In their aim to simplify, Nissan has reduced the number of buttons in the cabin from 27 to 11 with most of the functions moving to an 8” touchscreen display. As long as the audio and A/C controls are not digitally controlled then I’m happy, that really gets on my wick.

 

Pricing

The 2017 GT-R will be available from September with the first batch already sold out. The Premium Edition comes in at a price of R1 950 000 and the Black Edition at R2 050 000. The supercar slayer is edging towards supercar prices!

 

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Launch Drive: New Honda Civic.

Stylish and trendy are not two words that comes to mind when you think of a Honda Civic. For different generations the nameplate can mean different things. The more advanced in age may think of the reliable Ballade they loved once upon a time. Whereas the younger folk may picture a sporty hatchback and things like VTEC technology. The new Honda and Civic can be called somewhat stylish and even trendy too.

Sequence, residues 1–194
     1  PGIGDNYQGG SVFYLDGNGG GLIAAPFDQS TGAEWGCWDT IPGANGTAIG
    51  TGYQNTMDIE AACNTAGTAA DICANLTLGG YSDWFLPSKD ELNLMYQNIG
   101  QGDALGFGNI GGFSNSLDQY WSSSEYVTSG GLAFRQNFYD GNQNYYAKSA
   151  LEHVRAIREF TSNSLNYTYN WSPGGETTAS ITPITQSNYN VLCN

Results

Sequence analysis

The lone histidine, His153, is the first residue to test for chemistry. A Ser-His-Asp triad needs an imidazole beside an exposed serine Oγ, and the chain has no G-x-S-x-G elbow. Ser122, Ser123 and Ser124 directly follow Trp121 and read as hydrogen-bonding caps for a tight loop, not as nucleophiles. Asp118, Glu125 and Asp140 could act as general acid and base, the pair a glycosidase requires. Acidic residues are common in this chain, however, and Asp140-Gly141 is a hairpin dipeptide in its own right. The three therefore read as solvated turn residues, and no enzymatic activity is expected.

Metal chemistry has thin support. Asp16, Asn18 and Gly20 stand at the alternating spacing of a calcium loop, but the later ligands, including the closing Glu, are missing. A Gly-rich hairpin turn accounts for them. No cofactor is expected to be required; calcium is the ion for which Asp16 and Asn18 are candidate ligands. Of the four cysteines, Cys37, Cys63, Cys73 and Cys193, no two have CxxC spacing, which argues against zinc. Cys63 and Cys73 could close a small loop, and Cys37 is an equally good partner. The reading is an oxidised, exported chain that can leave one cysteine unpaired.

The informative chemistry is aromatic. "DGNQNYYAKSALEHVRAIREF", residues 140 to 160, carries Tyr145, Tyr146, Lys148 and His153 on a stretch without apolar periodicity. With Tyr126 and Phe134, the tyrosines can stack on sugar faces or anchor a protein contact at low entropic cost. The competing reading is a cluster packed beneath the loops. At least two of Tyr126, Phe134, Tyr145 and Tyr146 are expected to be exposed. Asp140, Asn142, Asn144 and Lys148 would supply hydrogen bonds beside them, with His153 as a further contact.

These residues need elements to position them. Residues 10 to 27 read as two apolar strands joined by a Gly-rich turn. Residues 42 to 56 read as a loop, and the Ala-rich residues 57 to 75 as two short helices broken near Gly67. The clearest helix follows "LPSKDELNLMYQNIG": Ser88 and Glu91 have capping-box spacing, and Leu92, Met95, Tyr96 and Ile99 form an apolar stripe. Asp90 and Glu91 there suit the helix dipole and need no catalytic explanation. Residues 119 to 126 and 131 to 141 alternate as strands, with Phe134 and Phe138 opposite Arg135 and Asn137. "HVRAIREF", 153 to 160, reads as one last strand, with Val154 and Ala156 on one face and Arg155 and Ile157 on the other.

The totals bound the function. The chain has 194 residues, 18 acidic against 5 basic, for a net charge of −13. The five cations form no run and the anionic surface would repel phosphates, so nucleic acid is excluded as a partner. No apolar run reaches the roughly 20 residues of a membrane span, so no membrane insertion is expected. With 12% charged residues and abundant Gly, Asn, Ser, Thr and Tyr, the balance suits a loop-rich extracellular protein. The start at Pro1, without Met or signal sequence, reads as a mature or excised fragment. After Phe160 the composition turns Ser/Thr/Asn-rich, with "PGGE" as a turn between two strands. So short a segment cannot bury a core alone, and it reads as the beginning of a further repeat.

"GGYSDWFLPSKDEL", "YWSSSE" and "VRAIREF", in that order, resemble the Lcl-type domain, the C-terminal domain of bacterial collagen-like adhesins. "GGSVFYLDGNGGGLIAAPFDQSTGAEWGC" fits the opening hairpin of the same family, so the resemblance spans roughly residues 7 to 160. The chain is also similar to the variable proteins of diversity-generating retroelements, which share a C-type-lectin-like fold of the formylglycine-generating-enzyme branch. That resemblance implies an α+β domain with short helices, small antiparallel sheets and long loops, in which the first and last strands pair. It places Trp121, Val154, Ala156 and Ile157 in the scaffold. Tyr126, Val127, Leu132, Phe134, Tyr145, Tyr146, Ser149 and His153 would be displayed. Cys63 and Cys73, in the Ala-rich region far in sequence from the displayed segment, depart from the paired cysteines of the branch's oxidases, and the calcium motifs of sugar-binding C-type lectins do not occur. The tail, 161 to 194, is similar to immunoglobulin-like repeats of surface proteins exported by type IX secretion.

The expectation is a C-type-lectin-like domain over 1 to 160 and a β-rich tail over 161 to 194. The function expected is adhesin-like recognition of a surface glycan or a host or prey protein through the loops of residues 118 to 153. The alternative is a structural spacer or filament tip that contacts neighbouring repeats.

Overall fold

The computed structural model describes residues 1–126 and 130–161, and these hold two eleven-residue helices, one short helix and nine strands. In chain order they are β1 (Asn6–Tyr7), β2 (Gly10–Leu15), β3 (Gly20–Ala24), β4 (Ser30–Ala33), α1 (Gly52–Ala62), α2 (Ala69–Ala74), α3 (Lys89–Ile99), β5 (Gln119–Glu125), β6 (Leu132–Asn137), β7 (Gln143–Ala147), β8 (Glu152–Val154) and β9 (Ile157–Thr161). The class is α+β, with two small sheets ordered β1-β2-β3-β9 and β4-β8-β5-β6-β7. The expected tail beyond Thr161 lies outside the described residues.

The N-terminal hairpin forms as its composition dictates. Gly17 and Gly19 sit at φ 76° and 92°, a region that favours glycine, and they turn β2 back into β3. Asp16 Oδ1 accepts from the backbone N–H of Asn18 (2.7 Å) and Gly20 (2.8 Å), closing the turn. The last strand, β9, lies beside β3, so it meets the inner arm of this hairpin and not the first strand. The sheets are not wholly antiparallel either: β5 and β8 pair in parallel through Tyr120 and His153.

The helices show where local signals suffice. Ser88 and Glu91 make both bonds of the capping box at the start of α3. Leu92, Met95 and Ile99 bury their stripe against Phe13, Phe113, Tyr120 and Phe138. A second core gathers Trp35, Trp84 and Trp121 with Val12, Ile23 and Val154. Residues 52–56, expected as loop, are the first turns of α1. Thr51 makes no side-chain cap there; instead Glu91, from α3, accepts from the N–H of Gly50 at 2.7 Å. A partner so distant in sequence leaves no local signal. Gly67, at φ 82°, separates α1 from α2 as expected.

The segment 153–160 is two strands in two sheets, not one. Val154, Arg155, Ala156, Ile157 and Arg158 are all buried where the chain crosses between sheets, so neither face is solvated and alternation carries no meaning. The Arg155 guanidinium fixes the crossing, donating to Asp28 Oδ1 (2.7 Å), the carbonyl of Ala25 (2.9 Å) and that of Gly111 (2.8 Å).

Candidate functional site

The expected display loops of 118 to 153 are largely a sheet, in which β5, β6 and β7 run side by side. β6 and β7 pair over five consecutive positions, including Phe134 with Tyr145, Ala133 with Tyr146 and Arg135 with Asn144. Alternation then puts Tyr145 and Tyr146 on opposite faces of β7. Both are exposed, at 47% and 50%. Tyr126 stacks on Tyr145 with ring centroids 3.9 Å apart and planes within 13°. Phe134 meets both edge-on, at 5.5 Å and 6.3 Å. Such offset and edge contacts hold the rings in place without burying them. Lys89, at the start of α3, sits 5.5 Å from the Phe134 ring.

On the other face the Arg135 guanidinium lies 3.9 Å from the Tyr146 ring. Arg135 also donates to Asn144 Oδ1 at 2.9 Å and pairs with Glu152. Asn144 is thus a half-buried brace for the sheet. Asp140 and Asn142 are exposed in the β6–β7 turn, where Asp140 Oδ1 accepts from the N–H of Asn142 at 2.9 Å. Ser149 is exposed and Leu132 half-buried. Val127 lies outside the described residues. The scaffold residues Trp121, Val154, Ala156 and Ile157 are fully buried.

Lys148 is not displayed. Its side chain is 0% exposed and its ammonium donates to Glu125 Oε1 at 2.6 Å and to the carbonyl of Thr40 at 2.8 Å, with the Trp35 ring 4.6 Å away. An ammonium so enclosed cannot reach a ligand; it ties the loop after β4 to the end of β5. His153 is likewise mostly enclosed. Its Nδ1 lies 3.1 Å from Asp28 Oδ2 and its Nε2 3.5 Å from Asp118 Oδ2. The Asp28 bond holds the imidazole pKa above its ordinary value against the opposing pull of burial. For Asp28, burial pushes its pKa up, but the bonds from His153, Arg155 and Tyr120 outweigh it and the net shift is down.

Upon looking at the lines of the new Honda Civic, one gets the sense that the brand is trying to marry the two generations interests with the new car. On the one hand, you have a sedan that offers great amounts of space and practicality. On the other hand you have a sporty model that features a 1.5 litre VTEC turbocharged engine. How does all this work out?

 

Breakdown:

The new Civic has a choice of four models, Comfort, Elegance, Executive, and Sport. The Comfort and Elegance are softer in appearance and have normally aspirated 1.8-litre four-cylinder engines producing 104 kW and 174Nm.  The Sport is more noticeable as it has a stylish rear wing and larger wheels to match the aggressive body styling, whilst the Executive is premium in appearance. Powering the Sport and Executive is a 1.5 litre VTEC Turbocharged four cylinder that makes 127kW and 220Nm. All models in the new Civic range use a CVT gearbox that is surprisingly non-obtrusive and easy to work with.